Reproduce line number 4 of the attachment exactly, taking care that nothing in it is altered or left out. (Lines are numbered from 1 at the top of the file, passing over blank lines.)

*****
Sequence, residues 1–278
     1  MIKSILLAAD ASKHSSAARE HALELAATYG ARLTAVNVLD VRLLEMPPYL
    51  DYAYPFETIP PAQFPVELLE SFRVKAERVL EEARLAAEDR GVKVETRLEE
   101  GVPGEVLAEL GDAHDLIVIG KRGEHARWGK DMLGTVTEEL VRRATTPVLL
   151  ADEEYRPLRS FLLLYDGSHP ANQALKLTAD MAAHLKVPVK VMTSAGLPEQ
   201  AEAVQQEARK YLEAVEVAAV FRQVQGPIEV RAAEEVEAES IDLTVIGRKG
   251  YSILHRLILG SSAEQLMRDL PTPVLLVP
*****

   101  GVPGEVLAEL GDAHDLIVIG KRGEHARWGK DMLGTVTEEL VRRATTPVLL